“Saluti da Pinetamare” a book by Salvatore Santoro

May 22, 2013 - Paris

Most strong photographic projects require a true connection between the author and the subject/topic they are looking at, which, somehow, suggests connections to their autobiography. This may show obviously, be more subtly suggested, or not appear at all. Salvatore Santoro is very obvious about it in his book “Saluti di Pinetamare”, when including reproductions of photo albums or photo frames of him as a child, and of his family at that same time, on holidays in the area he returns to as a photographer today.


One could fear the approach to be a gimmick and to fail, had it been just: “look how happy/innocent life was then, and how terrible this place looks now”, illustrated by empty pools, and dilapidated constructions. When in fact Santoro’s work is both deep and complex. The short text opening the book -which refers to a “Kalashnikov shooting” heard by the author- alerts the reader that there is something more at stake here.


Santoro does bring to light the failure of a touristic real estate project of the 60’s –of which there are so many in Europe-, with buildings falling to pieces, or this abandoned hotel covered by wine. But the images are not located individually in the Italian geography, so already one starts generalizing what is shown as a comment about the country’s global situation. Italy’s economic situation in 2012 includes ruins, includes a mall and a private party of some wealthy people, but obviously it also includes illegal immigration, and drug trafficking. All of which is represented in this work, which only focuses on a small strip of land/road north of Naples.


There is a nostalgic quality, for sure in “Saluti di Pinetamare”, but it is much deeper than a simple nostalgia for a lost childhood. The author has grown into a man, fully aware of the context and challenges facing his country, which he addresses with a bit of sadness, as “the direction taken by mankind is far from reaching a better future” as he writes in the book’s conclusion.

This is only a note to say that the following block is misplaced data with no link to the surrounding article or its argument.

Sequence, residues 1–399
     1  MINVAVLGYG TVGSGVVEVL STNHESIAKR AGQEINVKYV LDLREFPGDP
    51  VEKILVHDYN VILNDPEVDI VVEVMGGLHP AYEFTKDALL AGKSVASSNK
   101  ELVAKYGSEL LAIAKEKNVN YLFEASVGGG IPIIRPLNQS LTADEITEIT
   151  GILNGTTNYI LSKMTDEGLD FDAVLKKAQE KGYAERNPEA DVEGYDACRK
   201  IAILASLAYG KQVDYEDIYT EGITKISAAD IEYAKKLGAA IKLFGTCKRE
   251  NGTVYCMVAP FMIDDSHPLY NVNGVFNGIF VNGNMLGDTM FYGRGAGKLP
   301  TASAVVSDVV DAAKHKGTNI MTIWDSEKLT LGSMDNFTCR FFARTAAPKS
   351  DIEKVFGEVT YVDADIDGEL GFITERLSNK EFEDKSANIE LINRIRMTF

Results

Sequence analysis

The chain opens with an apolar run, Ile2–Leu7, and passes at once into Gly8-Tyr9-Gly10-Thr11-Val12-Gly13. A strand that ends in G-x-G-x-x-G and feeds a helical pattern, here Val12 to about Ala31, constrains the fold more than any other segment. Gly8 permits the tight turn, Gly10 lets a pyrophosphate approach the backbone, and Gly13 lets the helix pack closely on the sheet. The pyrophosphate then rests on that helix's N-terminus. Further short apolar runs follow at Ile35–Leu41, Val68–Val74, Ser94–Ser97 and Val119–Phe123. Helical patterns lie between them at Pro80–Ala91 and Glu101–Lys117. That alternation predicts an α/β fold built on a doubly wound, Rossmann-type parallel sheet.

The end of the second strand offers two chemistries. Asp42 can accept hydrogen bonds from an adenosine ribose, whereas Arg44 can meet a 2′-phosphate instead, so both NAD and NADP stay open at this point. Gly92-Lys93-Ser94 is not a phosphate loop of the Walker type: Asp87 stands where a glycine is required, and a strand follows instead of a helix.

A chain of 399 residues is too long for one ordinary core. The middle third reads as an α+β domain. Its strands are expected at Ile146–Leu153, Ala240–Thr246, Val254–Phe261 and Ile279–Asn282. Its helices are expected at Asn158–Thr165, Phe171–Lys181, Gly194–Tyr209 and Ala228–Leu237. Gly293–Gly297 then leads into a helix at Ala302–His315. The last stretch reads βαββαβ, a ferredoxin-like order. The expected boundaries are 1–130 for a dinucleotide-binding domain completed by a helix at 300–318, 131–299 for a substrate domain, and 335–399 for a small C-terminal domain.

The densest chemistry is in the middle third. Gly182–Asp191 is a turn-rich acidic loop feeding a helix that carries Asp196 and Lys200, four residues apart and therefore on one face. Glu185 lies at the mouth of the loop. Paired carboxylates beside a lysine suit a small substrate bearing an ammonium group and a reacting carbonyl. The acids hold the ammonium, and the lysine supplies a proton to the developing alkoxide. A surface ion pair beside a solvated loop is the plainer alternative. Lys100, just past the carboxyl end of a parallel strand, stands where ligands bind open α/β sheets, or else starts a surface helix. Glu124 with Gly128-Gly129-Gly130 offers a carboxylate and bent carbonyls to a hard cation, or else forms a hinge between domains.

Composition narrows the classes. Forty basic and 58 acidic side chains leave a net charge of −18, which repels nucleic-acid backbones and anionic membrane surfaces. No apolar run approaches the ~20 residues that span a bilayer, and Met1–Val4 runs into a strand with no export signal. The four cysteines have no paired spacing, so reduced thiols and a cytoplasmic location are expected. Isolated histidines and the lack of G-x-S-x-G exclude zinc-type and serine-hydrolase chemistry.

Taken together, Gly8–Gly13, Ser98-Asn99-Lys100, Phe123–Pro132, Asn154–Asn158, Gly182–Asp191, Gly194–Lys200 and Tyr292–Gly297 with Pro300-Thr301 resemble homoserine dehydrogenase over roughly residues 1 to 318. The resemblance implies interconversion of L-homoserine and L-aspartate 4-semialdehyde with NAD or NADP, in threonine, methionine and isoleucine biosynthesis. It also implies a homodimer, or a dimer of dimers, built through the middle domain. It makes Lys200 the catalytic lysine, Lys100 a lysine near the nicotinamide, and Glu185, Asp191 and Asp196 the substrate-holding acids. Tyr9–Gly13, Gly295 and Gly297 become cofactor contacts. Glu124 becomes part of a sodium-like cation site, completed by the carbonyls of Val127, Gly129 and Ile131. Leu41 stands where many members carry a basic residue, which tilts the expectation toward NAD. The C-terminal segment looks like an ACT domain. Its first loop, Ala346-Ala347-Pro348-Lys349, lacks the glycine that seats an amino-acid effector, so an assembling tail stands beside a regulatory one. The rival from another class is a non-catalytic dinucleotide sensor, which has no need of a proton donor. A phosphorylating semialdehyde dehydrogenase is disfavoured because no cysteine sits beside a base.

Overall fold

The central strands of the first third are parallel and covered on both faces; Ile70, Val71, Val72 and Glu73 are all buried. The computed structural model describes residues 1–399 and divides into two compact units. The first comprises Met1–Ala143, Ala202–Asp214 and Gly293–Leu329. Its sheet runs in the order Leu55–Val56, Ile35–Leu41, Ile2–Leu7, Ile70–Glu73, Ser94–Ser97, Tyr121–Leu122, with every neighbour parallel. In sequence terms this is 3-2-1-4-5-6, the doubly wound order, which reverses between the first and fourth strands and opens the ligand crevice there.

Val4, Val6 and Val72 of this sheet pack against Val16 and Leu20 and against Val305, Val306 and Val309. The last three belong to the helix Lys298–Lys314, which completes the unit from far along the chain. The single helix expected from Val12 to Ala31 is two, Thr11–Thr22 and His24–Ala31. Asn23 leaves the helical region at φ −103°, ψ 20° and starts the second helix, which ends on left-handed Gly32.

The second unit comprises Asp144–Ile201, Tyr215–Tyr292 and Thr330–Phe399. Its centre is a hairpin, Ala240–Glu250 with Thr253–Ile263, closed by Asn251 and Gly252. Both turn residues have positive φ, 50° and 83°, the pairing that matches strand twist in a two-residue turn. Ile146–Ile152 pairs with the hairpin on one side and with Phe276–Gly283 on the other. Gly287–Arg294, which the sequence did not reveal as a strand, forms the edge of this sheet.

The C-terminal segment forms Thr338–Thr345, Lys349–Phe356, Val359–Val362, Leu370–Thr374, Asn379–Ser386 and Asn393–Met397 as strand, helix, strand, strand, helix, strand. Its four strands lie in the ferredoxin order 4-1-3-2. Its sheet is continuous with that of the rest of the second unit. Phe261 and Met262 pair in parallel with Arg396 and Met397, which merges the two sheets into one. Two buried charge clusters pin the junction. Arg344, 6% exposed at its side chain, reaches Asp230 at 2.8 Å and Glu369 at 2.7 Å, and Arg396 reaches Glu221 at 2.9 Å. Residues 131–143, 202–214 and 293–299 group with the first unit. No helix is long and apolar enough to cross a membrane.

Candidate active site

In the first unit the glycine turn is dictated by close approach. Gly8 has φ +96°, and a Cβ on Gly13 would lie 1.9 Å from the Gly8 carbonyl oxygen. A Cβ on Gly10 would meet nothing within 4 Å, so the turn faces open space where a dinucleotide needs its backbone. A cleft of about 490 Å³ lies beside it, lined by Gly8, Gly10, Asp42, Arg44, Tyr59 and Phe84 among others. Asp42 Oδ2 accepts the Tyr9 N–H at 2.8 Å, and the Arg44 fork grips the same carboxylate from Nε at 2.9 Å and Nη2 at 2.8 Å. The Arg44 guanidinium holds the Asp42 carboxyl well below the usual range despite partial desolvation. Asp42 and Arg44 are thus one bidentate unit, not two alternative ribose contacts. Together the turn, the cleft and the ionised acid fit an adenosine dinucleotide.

Yet what I appreciate is that Santoro stays in touch with life, with the life being lived today. If he certainly misses the good times of his childhood, he enjoys and participates in the –fewer- good times lived by people who still go to that place to spend their holidays. So the sad reality depicted in the images, is balanced -to some degree- by the optimism suggested by people we see enjoying life on the beach. The book’s final image of some youths on their Vespas at a red light fits into this optimistic perspective. That image includes the photographer’s car’s dashboard, which tells us that he, too, is still part of this place’s story and life.


The production of the book is quite nice, with an economy of graphic design -which is good graphic design to me-. The printing respects the subdued colors visible on an overcast day near the beach. The inclusion of smaller booklets of the author’s pictures as a child bring an interesting dynamic while holding the object in hands. But as the main subject is not to make an autobiography, there is no excessive use of those inclusions, which thus remain welcomed breathers in the general storytelling.


This first self-published book reminds me of the often talked about “Gomorah Girl”, by Valerio Spada, both because of the production choices (matt paper, desaturated colors, different page formats), and because they both address fundamental issues facing Italy today in more conceptual ways -and formally challenging- that the works of their predecessors, such as Ferdinando Scianna, who defined an era of Italian photo reportage. Santoro and Spada take the same subject (the Mafia and its social consequences) but address it is a very modern and contemporary manner.


I am impatient to see their next projects!

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